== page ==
A metal tube surrounded the cell to uniformly distribute the solar flux over the cell's surface. The test occurred during a 2-hour period of operation, with an excess of steam applied to the electrolysis cell. The output stream of unreacted steam and generated hydrogen was bubbled through water and the hydrogen was collected

Fig. 8. This photo, taken in the 1990s, shows John Lasich demonstrating how cool his concept is for conducting infrared energy through a fiber-optics light pipe. The dish reflects sunlight to a "heat mirror" that reflects long-wavelength solar radiation to the fiber-optic bundle along the axis of the parabolic dish. The visible light seen at the end of the light pipe in Lasich's hand is a result of partial reflection of visible light by the heat mirror.

Fig. 8. This photo, taken in the 1990s, shows John Lasich demonstrating how cool his concept is for conducting infrared energy through a fiber-optics light pipe. The dish reflects sunlight to a "heat mirror" that reflects long-wavelength solar radiation to the fiber-optic bundle along the axis of the parabolic dish. The visible light seen at the end of the light pipe in Lasich's hand is a result of partial reflection of visible light by the heat mirror.

and measured. During a definitive 17 minutes of system operation in steady state, 80 mL of hydrogen were collected. The ratio of the thermoneutral voltage of 1.47 V to the measured electrolysis cell voltage of 1.03 V was 1.43, corresponding to a boost of more than 40% in hydrogen production due to the input of thermal energy. This was also confirmed by energy balance. Combining the optical efficiencies of the concentrator dish (85%), solar cell efficiency, and thermal-energy boost, the total steam hydrogen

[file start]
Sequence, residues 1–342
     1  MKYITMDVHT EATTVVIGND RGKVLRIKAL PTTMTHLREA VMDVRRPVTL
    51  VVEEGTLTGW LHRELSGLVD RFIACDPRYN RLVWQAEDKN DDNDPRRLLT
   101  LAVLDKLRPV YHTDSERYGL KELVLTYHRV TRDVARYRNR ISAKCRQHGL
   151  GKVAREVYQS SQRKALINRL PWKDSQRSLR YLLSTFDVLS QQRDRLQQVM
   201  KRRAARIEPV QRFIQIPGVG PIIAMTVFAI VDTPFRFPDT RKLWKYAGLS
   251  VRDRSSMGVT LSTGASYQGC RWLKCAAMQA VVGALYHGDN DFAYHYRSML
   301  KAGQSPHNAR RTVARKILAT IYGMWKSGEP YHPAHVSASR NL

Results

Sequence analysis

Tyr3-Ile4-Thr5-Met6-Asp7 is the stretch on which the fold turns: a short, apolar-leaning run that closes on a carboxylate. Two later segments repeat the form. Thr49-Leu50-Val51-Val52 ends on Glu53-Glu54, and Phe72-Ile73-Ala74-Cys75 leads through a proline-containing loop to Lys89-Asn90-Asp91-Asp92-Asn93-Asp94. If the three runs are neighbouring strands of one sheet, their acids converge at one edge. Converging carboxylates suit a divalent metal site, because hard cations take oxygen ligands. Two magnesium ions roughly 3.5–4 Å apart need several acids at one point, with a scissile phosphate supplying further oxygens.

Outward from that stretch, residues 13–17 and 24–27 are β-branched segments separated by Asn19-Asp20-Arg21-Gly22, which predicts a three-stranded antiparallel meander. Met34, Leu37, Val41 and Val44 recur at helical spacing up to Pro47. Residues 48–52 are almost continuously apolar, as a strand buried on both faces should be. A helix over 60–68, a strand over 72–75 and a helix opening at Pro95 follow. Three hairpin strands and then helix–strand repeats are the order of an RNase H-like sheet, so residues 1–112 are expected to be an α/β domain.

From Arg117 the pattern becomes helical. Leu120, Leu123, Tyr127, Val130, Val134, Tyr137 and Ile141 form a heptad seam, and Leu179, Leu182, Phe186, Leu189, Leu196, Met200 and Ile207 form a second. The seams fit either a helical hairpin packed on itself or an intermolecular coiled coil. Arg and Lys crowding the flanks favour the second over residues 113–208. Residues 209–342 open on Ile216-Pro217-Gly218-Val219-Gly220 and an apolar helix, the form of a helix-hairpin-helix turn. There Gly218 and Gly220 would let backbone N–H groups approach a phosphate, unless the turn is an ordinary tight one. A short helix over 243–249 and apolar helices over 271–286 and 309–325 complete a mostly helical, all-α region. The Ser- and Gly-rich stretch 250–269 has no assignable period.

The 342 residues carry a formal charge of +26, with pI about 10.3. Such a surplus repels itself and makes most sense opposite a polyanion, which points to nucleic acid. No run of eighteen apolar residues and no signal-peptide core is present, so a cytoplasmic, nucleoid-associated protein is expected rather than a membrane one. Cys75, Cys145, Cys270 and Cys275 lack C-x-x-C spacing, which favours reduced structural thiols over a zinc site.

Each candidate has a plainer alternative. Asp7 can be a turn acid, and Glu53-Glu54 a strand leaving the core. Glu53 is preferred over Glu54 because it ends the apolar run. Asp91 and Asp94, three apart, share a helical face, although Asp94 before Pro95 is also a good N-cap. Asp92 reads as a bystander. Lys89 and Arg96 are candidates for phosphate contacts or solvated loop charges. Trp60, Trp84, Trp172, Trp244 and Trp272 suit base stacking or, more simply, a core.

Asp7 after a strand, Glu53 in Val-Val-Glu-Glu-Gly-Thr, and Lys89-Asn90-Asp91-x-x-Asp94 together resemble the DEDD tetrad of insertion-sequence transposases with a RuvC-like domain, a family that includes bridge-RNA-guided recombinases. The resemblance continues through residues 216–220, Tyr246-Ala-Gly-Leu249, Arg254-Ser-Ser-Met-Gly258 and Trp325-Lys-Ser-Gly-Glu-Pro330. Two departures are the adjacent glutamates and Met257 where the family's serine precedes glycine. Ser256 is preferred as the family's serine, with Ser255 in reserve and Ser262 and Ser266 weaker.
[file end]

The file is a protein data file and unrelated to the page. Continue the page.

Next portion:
electricity

2e"

H20 + 2e- —> H2 + 02-

porous cathode

i

r

electrolyte (Zr02 doped with Y203)

Fig. 9. Schematic of high-temperature electrolysis in a solid-oxide cell. The geometry can be planar or tubular as in the case of the first demonstration of the hybrid solar concentrator PV system. Operating the electrolysis cell in reverse corresponds to electricity and heat production in solid-oxide fuel cell operation.